“If it’s criminal, it’s legal,” a British bureaucrat told Shortland of ransom payments. But it’s not always clear which category kidnappers fit into. Some terrorists pretend to be part of criminal organizations so that they can legally collect ransoms. Shortland reports that when a Somali told British negotiators that he represented the “commercial arm” of al-Shabaab, the jihadist fundamentalist group, “they had to explain that this was not sufficiently removed from the parent organization to have a payment authorized.” Some criminals, apparently ignorant of the rules, pretend to be terrorists in order to intimidate their counterparties. Negotiators may take care to avoid learning whether the hostage-takers are proscribed. Jere van Dyk, an American journalist who was kidnapped in 2008 in a Pashtun tribal area on the Afghanistan–Pakistan border, was told by a specialist in the region that his captors were part of a criminal group who put on an elaborate, protracted act, pretending to be the Taliban for Van Dyk’s sole benefit. With this somewhat strained deniability, Shortland notes, “his employers could pursue a private resolution through their insurance company.”
Governments sometimes do make concessions to terrorists, further complicating matters. It is an open secret that, in defiance of the UN ransom ban, European and Asian states have paid to free journalists, aid workers, and others. When states negotiate, they will almost certainly overpay: even a wealthy family can plausibly plead financial limits, but Spain cannot claim to have little cash on hand. This kind of inflation inevitably spreads to the criminal market, in which governments rarely intervene. “If a European government pays millions of dollars in ransom to release a hostage held by a terrorist group,” Simon writes, “then a criminal group that kidnaps a hapless tourist will expect a similar payout from a family of modest means that may not have insurance or the help of a security consultant.” In Shortland’s view, the main threat to the stability of the hostage trade is a lack of ransom discipline, and governments are among the worst offenders.
The private sector has indeed developed an effective regime for governing the international criminal kidnapping market. The network of insurers and crisis responders is a small, tight-knit community whose members share information freely yet discreetly (the underwriters in the Lloyd’s syndicates sit feet from one another in an office on Lime Street), subscribe to common protocols, reward top performance, and shun those who mess up. (Civil servants, unlike private negotiators, are not likely to lose their jobs if they fail to contain costs.) Shortland believes that this private governance regime is “the best (if not the only) way of ordering this difficult market.”
But even though K&R premiums have fallen by half in the past decade, not everyone who could benefit from coverage has it, and not every family can afford à la carte services. Freelance journalists and volunteer aid workers are particularly vulnerable. Shortland suggests in passing that security firms ought to increase their pro bono work; Simon goes further, proposing that governments work with the industry “to develop innovative ways to extend coverage to vulnerable groups,” and that families lacking insurance be given access to consultants in extraordinary circumstances, whether through pro bono services or through a government subsidy.
These are sensible proposals. But any analysis of the K&R business is limited to a small fraction of all kidnapping incidents. Even if the effects of this system are felt more widely, they are felt most directly among those who are similar to insured parties. Most victims continue to be low-risk, low-value locals. Shortland observes that in areas with informal protectors, such as entrenched rebel and mafia groups, kidnapping has most commonly been used to “tax” families and companies who fail to make appropriate protection payments. But kidnap practices—both who does it and how—are changing. The one-off model of hostage-taking, long used with foreigners and wealthy nationals, is increasingly seen in local kidnappings unrelated to protection—though this is still essentially self-regulating in its efficiency and modest goals.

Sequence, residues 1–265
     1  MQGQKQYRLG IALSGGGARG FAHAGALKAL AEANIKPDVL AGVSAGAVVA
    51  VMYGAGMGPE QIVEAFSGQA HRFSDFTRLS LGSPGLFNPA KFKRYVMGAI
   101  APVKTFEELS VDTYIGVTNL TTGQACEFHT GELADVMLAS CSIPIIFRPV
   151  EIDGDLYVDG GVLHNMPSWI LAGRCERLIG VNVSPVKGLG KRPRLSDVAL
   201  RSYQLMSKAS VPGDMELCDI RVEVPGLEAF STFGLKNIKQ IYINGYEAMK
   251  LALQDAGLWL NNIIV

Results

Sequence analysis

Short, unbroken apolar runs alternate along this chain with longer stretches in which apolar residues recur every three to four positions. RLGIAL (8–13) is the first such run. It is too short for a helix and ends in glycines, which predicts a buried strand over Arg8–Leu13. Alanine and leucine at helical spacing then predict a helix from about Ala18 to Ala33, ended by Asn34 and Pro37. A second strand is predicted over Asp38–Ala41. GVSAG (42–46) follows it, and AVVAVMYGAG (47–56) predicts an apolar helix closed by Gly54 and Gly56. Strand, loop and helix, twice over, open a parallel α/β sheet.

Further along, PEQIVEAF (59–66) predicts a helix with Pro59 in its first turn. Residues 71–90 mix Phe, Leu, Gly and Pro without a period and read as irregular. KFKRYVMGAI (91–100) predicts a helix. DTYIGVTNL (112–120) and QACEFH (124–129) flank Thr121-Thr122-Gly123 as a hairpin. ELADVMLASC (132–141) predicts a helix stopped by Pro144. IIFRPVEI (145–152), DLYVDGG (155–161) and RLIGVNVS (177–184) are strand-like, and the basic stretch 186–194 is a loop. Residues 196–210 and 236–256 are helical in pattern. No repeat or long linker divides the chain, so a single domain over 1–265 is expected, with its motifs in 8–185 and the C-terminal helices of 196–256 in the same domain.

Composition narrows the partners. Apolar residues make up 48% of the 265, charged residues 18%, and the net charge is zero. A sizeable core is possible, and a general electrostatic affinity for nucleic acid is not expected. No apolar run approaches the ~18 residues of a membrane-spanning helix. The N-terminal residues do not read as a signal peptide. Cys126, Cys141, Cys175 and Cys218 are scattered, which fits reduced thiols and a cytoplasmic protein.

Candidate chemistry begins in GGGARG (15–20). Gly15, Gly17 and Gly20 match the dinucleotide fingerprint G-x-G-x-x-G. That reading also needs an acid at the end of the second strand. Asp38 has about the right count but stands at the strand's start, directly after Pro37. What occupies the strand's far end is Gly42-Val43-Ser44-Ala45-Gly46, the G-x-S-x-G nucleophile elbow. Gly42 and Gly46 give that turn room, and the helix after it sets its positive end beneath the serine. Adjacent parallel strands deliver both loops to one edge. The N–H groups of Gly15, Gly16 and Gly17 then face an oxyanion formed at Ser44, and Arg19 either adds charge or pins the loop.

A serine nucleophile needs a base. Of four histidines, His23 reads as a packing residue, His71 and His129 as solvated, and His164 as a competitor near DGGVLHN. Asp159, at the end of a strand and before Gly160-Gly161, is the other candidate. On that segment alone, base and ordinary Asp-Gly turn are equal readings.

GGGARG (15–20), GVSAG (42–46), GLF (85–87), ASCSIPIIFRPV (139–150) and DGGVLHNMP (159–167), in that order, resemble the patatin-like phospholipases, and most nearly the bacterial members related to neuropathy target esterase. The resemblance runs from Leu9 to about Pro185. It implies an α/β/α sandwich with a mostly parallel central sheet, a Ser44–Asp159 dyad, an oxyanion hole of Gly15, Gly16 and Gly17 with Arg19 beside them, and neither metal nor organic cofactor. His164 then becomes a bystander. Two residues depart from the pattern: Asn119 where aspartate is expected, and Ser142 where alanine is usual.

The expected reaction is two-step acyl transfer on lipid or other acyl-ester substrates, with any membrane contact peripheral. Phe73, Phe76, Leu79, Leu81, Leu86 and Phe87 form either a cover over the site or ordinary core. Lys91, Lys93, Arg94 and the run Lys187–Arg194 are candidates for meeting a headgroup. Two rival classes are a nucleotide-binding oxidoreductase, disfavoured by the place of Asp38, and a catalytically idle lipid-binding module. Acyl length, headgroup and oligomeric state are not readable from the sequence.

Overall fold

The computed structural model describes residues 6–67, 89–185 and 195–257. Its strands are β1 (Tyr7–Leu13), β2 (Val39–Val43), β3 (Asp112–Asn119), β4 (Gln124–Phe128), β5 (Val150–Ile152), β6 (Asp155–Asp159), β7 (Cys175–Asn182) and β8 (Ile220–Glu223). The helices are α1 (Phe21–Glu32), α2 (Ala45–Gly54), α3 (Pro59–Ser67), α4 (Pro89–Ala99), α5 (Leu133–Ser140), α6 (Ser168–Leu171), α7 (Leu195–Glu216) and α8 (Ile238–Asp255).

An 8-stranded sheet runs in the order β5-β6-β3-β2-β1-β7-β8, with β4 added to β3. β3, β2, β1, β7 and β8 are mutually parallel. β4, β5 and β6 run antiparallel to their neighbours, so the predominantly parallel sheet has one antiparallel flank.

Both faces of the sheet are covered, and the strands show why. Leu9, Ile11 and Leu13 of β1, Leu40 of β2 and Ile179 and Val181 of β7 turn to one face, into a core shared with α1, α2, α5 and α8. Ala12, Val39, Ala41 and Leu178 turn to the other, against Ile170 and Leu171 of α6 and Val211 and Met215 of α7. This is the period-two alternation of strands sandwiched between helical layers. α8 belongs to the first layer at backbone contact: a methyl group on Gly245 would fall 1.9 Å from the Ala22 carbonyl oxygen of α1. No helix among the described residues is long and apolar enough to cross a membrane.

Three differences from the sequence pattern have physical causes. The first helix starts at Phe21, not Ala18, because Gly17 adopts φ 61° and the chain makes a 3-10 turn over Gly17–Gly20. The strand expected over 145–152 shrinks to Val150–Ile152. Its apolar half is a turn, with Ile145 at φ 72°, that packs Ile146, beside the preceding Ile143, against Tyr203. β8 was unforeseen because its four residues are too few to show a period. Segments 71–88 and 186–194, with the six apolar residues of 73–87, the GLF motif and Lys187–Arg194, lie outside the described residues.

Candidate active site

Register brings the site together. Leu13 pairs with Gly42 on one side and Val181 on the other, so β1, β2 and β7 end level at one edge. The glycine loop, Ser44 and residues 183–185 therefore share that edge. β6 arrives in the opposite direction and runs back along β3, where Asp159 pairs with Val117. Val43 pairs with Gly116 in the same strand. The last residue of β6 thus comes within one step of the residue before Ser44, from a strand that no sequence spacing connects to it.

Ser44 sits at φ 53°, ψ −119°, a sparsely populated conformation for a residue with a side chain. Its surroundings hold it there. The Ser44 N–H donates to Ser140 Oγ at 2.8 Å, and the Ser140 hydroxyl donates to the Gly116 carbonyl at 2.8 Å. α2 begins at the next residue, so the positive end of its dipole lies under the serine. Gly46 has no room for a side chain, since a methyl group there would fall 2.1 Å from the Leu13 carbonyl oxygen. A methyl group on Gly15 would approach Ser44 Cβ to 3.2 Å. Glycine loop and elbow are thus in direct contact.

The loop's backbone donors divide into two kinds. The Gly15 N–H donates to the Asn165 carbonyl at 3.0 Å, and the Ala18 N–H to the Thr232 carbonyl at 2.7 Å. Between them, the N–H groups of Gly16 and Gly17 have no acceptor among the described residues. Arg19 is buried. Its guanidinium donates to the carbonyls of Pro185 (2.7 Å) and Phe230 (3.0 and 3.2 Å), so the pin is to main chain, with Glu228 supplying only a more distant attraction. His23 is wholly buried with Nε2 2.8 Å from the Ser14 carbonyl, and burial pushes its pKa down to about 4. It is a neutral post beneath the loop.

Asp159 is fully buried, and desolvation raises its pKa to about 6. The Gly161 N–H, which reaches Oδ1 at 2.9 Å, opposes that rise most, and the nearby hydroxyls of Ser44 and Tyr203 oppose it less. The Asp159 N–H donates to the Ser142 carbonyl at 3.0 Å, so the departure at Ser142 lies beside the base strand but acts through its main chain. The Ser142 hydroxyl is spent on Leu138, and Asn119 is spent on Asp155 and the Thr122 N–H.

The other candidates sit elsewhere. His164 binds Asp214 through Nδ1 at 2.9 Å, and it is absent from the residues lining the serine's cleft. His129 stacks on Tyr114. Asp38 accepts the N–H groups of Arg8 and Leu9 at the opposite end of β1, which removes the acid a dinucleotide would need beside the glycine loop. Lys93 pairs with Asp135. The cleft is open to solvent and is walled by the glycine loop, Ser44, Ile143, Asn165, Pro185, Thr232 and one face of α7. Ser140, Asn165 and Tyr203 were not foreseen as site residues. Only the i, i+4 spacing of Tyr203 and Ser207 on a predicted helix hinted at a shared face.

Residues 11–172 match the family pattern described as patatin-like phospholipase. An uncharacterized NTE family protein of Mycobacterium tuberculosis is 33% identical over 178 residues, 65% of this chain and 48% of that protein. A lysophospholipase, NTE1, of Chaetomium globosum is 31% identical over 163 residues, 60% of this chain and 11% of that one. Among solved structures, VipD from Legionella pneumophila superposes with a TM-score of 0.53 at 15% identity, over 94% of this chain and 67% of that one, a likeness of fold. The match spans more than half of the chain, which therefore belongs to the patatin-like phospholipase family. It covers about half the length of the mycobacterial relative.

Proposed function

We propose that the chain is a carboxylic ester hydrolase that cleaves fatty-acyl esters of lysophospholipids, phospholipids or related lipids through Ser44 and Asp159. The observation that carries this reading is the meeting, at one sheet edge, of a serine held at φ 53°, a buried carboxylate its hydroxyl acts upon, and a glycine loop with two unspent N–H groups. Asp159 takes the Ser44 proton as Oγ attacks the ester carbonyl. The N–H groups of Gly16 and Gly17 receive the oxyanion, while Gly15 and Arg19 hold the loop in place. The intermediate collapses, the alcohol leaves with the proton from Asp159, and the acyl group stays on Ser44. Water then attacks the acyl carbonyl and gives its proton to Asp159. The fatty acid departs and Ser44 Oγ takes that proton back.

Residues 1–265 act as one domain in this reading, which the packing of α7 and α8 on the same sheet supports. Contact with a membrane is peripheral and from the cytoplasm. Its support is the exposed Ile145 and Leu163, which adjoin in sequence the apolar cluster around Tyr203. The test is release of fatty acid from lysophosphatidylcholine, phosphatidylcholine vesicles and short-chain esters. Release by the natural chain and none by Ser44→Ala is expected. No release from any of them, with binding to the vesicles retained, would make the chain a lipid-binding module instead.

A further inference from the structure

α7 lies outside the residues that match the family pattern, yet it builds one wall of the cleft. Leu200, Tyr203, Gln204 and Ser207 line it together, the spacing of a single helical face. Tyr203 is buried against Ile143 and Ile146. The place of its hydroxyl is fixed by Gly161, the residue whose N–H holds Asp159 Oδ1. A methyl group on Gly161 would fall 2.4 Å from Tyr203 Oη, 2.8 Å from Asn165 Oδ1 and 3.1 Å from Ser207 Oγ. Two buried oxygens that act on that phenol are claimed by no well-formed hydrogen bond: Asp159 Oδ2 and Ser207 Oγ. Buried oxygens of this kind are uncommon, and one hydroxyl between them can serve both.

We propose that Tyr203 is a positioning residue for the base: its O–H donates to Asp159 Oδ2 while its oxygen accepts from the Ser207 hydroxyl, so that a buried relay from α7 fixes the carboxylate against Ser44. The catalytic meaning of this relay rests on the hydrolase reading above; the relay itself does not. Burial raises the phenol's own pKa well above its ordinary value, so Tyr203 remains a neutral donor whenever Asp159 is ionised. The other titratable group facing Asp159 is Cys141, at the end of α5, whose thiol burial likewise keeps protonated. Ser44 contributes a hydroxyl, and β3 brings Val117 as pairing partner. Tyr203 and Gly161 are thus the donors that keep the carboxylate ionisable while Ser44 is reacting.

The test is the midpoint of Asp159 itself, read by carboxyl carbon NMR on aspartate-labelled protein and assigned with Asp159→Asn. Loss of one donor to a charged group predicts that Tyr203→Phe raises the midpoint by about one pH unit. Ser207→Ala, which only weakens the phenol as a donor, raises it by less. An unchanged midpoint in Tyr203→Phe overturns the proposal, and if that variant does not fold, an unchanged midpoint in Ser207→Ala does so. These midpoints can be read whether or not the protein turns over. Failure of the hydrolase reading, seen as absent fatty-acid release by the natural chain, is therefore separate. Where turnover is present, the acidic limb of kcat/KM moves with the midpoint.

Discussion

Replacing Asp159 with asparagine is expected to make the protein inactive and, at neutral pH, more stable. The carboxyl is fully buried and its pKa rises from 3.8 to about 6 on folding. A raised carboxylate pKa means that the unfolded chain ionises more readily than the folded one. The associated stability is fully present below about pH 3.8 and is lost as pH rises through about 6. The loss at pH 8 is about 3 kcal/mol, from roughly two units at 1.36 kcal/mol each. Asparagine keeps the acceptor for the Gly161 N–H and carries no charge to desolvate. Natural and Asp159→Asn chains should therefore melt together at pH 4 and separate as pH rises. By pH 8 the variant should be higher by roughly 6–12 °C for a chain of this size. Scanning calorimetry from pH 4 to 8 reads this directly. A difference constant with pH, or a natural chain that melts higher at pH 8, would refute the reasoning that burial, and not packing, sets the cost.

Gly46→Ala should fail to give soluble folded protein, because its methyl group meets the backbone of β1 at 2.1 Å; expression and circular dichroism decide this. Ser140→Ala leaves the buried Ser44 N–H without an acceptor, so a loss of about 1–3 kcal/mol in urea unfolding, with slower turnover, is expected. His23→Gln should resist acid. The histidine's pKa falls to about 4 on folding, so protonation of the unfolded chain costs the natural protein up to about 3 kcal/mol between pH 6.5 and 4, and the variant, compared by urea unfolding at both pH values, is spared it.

In Mexico, kidnappers used to target the ultrarich, but many have shifted focus to the middle class. The trade has been “democratized,” a Mexican crisis responder told The Economist. Social media have created a new way to shop for victims who are not tabloid princesses and scions of industrial families but who look flush and might be handily location-tagged on Instagram or lured on Tinder. Kidnappers who lack resources or skills, or who simply want to make a quick buck, may avoid the challenges of hostage-keeping altogether. In countries such as Brazil, Ecuador, and Tanzania, the norm has become the “express” kidnapping: victims are taken to an ATM, forced to withdraw the daily maximum (twice, if the detention straddles midnight), and released. Some kidnappers don’t even bother with the kidnapping. In a “virtual” or “phantom” case, the criminals send a ransom demand while the unwitting “hostage” is in the cinema or on a hike (and thus cannot be contacted), or else they call and threaten the victim, telling him not to talk to anyone for a given period of time, during which they extort his family.
The history of modern kidnapping-for-ransom is dominated by cases involving high-profile victims; those of lesser standing are always likely to be overlooked. In 1932, the same year the Lindbergh baby was abducted, a nineteen-year-old, well-to-do English woman named Muriel “Tinko” Pawley was taken hostage, along with her three dogs, by bandits in northern China. Tinko had grown up mostly in China and married an Englishman who worked for the Asiatic Petroleum Company. The kidnappers demanded a huge sum of money and sundry supplies, and threatened that failure to comply would result in Tinko’s ears being cut off and her dogs killed.
This bizarre case—Tinko wrote to friends requesting lipstick and threatened the gang leader, in fluent Chinese, with both personal haunting and the transformation of his ancestors into turtles if she were killed, and was finally released in exchange for gold, opium, and some stylish brogues—was a sensation in the British press. Evelyn Waugh even wrote a short story based on it. But Tinko’s case was part of a vastly larger trend that affected many Westerners of modest means. In the preceding ten years, missionary families, salesmen, carriages of train passengers, and entire steamships had been captured, and those whose families were slow in paying did have their ears sliced off. When one of those trains was held up in Lincheng in 1923, two dozen foreigners were captured, and their safety became an international concern. Also captured were three hundred Chinese, whose fates were ignored by the press.